Mr. Okhai, a career criminologist, said the only association PDP has with the APC government was the decision of the now ruling party to admit many PDP loyalists into its folds shortly after it was formed in 2013.
“When the APC was formed in 2013, the party’s leaders started poaching PDP bigwigs,” Mr. Okhai said. “By the time the country went to poll in 2015, many of the APC leaders were serving PDP governors and federal lawmakers.”
Mr. Okhai said it was unsurprising that the APC has failed within two years like the PDP through its 16-year rule.
“Of course, the PDP was a failure, so the APC has also failed because the party was created based on the foundation and resources of the PDP,” Mr. Okhai said.
Notwithstanding, the criminologist said the APC must take responsibility for its failures, drawing an analogy from a newly-hired coach of a football team.
“When a team hires a new coach, it is expected that the new coach will make immediate changes that will guarantee success,” Mr. Okhai said. “You cannot say because you inherited bad players you couldn’t perform, especially when resources had been provided for new players.”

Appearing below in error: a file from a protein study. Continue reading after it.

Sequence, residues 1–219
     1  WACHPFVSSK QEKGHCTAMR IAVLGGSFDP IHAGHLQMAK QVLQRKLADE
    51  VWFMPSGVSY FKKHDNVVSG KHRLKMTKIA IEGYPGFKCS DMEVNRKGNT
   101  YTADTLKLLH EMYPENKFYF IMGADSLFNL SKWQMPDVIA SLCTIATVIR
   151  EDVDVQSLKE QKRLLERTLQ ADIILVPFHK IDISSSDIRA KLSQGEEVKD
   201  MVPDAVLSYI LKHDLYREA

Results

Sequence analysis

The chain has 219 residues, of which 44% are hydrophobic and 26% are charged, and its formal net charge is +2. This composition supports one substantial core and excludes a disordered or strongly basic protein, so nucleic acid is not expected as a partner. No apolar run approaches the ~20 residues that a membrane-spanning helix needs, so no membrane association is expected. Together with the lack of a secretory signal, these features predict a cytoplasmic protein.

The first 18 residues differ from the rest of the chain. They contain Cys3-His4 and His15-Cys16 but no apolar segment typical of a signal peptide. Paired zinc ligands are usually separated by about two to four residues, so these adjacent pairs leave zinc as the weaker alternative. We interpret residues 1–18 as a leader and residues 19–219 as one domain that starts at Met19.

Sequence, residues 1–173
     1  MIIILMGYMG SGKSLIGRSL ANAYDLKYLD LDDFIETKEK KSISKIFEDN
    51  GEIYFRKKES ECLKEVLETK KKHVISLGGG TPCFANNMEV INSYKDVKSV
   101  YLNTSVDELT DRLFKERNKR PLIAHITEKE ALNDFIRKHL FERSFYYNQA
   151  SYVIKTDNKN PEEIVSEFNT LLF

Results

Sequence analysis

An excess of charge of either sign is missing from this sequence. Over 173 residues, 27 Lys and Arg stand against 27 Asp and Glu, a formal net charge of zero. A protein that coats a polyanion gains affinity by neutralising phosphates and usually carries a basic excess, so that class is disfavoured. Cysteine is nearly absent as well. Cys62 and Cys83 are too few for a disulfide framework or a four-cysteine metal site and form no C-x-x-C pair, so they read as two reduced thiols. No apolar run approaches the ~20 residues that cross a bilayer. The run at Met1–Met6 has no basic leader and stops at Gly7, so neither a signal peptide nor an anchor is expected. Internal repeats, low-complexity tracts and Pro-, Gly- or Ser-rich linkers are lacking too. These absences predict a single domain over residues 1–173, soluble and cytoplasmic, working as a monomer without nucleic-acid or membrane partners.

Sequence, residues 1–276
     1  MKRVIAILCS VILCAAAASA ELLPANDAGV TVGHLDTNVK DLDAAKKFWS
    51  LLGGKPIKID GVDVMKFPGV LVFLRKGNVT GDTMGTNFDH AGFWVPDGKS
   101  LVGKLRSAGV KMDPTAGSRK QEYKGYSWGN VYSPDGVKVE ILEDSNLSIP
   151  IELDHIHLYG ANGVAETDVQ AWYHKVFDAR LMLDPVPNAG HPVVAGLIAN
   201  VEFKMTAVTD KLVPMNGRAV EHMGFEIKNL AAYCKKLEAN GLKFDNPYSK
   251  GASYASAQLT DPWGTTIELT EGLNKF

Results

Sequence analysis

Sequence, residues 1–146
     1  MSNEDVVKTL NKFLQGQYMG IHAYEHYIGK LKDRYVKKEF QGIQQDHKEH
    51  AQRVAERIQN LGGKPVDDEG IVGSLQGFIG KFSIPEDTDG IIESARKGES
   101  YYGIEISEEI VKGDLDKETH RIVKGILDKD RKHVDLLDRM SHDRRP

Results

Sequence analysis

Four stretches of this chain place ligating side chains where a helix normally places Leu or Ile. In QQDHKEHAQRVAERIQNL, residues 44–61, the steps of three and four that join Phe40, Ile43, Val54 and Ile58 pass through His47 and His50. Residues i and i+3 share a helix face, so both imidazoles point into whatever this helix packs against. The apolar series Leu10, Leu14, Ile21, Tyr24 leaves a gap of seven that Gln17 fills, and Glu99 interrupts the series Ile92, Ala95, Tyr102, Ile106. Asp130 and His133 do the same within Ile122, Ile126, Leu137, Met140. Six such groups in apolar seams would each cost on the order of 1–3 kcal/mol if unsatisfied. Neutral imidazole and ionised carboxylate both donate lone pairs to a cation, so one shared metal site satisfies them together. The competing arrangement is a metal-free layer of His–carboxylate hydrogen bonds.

Coming barely two days after Mr. Shehu’s blame, Mr. Oba said Nigerians might be witnessing a key campaign slogan of the APC as 2019 approaches.
“The other day it was Garba Shehu and today we have Mr. Ali, this could very well be one of their main campaign slogans,” Mr. Oba said.
“The APC will blame the PDP for infiltrating its government to constitute a major impediment to new changes,” Mr. Oba said.
He, however, said such claim would be a tough sell to Nigerians, who are becoming increasingly aware of “insulting political gimmicks by politicians.”
“They gained power by blaming the PDP, I strongly doubt if Nigerians will let them remain in power by blaming the PDP,” Mr. Oba said. “Nigerians would no longer tolerate politicians passing the buck and spewing insults at their intelligence.”
Mr. Ali, who coordinates the Buhari Support Organisation, implored members of the group to remain steadfast in their quest for good governance.
“I will, therefore, ask my colleagues of the BSO to go back to the study room. This is a commission, but it is also the beginning of the fight for good governance,” Mr. Ali said.